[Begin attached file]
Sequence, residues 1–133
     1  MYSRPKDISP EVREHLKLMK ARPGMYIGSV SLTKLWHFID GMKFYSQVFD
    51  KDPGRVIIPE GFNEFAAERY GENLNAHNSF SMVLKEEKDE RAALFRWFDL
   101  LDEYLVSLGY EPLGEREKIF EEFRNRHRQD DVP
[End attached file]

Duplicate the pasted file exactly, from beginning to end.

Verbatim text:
Sequence, residues 1–133
     1  MYSRPKDISP EVREHLKLMK ARPGMYIGSV SLTKLWHFID GMKFYSQVFD
    51  KDPGRVIIPE GFNEFAAERY GENLNAHNSF SMVLKEEKDE RAALFRWFDL
   101  LDEYLVSLGY EPLGEREKIF EEFRNRHRQD DVP